Wash twice:   2x SSC at room temperature (RT) for 15 minutes each
Wash twice: 0.5x SSC at 65° C. for 20 minutes each

High Stringency (detects sequences that share at least 80% identity)

Hybridization: 5x-6x SSC at 65° C.-70° C. for 16-20 hours
Wash twice: 2x SSC at RT for 5-20 minutes each
Wash twice: 1x SSC at 55° C.-70° C. for 30 minutes each

Low Stringency (detects sequences that share at least 50% identity)

Hybridization: 6x SSC at RT to 55° C. for 16-20 hours
Wash at least twice: 2x-3x SSC at RT to 55° C. for 20-30 minutes each.

Isolated: An “isolated” biological component (such as a nucleic acid molecule, protein, or organelle) has been substantially separated or purified away from other biological components in the cell of the organism in which the component naturally occurs, such as other chromosomal and extra-chromosomal DNA and RNA, proteins and organelles. Nucleic acid molecules and proteins that have been “isolated” include nucleic acid molecules and proteins purified by standard purification methods. The term also embraces nucleic acid molecules and proteins prepared by recombinant expression in a host cell as well as chemically synthesized nucleic acid molecules and proteins.

Nucleic acid molecule: A deoxyribonucleotide or ribonucleotide polymer in either single or double stranded form, and unless otherwise limited, includes nucleic acid molecules that include analogues of natural nucleotides that can hybridize to nucleic acid molecules in a manner similar to naturally occurring nucleotides. In specific examples, nucleic acid molecules are linear or circular.

Operably linked: A first nucleic acid sequence is operably linked with a second nucleic acid sequence when the first nucleic acid sequence is placed in a functional relationship with the second nucleic acid sequence. For instance, a promoter is operably linked to a coding sequence if the promoter affects the transcription or expression of the coding sequence. Generally, operably linked DNA sequences are contiguous and, where necessary to join two protein-coding regions, in the same reading frame.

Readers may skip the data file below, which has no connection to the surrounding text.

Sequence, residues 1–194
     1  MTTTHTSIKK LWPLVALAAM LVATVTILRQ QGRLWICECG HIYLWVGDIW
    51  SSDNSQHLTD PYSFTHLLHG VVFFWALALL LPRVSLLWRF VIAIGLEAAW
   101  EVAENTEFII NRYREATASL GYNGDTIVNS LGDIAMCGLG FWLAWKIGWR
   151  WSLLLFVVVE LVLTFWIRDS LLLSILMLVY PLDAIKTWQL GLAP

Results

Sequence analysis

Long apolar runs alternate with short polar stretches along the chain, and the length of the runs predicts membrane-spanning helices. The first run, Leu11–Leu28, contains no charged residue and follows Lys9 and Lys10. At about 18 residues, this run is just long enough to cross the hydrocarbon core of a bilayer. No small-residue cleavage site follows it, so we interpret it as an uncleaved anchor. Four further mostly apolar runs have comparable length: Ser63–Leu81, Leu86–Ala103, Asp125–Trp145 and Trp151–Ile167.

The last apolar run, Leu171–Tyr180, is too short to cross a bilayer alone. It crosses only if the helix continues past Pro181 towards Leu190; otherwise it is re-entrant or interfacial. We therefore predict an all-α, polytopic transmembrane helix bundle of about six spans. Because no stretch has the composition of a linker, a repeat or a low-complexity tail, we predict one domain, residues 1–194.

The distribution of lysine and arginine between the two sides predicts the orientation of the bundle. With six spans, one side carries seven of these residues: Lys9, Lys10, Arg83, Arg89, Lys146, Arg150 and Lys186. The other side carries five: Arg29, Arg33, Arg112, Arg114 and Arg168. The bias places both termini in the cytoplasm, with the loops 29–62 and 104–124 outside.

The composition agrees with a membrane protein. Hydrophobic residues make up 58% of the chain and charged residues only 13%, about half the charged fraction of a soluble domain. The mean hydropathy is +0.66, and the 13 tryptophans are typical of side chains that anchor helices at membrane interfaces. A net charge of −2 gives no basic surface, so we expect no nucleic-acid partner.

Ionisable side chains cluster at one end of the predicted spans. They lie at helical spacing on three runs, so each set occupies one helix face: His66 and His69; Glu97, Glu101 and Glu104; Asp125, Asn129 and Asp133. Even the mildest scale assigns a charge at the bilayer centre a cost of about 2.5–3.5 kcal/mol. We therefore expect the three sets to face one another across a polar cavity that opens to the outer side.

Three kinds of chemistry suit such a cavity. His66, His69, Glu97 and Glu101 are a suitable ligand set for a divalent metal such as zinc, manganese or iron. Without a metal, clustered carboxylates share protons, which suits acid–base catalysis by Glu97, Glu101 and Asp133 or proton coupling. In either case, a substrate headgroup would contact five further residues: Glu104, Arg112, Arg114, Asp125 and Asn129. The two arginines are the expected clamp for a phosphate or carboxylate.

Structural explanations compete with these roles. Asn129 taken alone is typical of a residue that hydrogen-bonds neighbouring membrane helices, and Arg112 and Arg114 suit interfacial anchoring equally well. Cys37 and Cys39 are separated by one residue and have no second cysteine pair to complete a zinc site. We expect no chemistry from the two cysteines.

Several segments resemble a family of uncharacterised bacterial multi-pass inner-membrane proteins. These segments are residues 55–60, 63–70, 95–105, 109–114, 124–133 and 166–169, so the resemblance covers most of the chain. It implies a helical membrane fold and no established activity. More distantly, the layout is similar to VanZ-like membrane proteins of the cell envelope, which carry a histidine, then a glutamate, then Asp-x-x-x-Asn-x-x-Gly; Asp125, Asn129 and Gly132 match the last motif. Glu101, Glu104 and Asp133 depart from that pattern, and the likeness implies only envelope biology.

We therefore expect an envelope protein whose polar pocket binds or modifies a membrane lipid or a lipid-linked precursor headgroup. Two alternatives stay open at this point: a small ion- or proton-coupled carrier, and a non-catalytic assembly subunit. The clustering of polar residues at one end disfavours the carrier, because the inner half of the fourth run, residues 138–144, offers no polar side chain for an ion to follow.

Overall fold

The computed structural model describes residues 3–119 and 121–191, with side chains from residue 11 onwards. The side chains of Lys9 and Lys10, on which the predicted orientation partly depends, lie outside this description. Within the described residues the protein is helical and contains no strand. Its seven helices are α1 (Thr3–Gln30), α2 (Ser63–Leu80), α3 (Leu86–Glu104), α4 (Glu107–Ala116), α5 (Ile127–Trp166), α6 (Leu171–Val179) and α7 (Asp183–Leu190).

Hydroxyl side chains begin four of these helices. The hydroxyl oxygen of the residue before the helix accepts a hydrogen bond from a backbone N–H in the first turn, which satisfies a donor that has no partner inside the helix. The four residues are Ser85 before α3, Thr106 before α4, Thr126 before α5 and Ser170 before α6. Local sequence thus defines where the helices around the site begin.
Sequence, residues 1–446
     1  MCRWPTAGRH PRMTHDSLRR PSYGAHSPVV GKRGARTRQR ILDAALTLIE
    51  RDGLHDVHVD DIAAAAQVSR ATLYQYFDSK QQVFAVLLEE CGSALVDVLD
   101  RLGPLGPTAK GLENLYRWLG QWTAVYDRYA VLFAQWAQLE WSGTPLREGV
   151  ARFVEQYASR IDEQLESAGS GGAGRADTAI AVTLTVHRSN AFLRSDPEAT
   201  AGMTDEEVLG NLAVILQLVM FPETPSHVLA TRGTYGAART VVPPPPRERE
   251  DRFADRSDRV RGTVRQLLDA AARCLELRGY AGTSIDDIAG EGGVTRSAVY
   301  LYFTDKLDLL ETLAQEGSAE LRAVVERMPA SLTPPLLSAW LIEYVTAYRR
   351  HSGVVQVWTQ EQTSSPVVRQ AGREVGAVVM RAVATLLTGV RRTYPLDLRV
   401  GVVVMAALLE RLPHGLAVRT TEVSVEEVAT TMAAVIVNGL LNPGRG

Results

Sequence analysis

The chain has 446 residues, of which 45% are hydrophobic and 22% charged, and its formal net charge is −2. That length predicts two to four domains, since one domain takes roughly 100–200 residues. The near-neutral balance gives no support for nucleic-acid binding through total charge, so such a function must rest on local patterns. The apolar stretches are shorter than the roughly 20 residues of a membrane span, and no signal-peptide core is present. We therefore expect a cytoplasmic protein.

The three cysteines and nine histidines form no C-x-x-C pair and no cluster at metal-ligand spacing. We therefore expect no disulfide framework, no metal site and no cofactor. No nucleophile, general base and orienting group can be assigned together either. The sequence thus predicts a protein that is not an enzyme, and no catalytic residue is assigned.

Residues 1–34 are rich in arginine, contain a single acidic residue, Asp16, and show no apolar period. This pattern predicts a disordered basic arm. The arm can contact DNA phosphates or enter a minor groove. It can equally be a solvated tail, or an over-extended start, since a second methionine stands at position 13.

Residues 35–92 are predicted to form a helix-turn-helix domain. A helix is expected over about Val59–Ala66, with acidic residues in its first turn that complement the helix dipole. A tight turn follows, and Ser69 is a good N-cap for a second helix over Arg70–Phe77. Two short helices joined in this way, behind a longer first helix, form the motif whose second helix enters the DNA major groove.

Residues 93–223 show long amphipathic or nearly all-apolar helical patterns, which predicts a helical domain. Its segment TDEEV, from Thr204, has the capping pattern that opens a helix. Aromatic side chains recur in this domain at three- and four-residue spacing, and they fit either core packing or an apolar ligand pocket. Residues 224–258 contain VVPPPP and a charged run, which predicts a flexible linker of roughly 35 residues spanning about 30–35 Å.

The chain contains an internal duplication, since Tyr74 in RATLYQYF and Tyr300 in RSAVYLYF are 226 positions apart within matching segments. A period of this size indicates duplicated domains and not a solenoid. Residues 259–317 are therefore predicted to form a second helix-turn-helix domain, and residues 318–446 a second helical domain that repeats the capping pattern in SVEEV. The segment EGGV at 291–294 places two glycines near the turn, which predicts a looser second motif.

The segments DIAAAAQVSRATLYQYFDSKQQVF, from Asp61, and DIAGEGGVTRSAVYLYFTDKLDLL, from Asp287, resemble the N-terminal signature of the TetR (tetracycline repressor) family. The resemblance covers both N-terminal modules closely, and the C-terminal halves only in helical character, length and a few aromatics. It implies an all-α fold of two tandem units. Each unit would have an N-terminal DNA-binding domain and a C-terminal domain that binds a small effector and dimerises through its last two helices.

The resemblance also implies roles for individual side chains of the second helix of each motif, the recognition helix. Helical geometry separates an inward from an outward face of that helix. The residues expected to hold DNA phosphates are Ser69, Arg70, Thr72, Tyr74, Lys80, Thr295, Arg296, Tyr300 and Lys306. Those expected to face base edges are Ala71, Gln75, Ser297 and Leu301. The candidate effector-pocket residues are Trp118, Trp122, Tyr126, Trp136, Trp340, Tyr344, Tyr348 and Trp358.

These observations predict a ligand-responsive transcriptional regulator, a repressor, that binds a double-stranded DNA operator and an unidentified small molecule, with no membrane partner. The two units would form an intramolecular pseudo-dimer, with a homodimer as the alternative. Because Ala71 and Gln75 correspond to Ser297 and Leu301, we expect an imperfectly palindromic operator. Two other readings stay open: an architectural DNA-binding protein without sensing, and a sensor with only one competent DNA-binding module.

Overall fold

Promoter: An array of nucleic acid control sequences that directs transcription of a nucleic acid molecule. A promoter includes necessary nucleic acid sequences near the start site of transcription, such as a TATA element. A promoter also optionally includes distal enhancer or repressor elements which can be located as much as several thousand base pairs from the start site of transcription. Both constitutive and inducible promoters are included by this disclosure.

Specific, non-limiting examples of promoters include promoters derived from the genome of a plant cell (such as a ubiquitin promoter). Promoters produced by recombinant or synthetic techniques can also be used.

Purified: The term “purified” does not require absolute purity; rather, it is intended as a relative term. Thus, for example, a purified protein preparation is one in which the protein referred to is more pure than the protein in its natural environment within a cell. For example, a preparation of a protein is purified such that the protein represents at least 50% of the total protein content of the preparation.

Recombinant: A recombinant nucleic acid molecule is one that has a sequence that is not naturally occurring or has a sequence that is made by an artificial combination of two otherwise separated segments of sequence. This artificial combination can be accomplished by chemical synthesis, by genetic engineering techniques, or other methods known in the art.

Recombinase: A protein which catalyses recombination of recombining sites. Particular examples of recombinases include, but are not limited to, a Cre protein, an Flp protein, a Tn3 recombinase, the recombinase of transposon gamma/delta, and the recombinase from transposon mariner.

The recombinases exert their effects by promoting recombination between two of their recombining sites. In the case of Cre, the recombining site is a Lox site, and in the case of Flp the recombining site is a Frt. Similar sites are found in transposon gamma/delta, TN3, and transposon mariner. Recombination between target sites arranged in parallel (so-called “direct repeats”) on the same linear DNA molecule results in excision of the intervening DNA sequence as a circular molecule. Recombination between direct repeats on a circular DNA molecule excises the intervening DNA and generates two circular molecules.

Recombining sites: Nucleic acid sequences that include inverted palindromes separated by an asymmetric sequence at which a site-specific recombination reaction can occur. In one specific, non-limiting example, a recombining site is a Lox P site (the target sequence recognized by the bacterial cre recombinase; such as the sequence ATAACTTCGTATAATGTATGCTA TACGAAGTTAT, SEQ ID NO: 4). In another specific non-limiting example, a recombining site is an FRT site. The FRT consists of two inverted 13-base-pair (bp) repeats and an 8-bp spacer that together comprise the minimal FRT site, plus an additional 13-bp repeat which may augment reactivity of the minimal substrate (for example see U.S. Pat. No. 5,654,182). In other, specific non-limiting examples, a recombining site is a recombining site from a TN3, a mariner, or a gamma/delta transposon.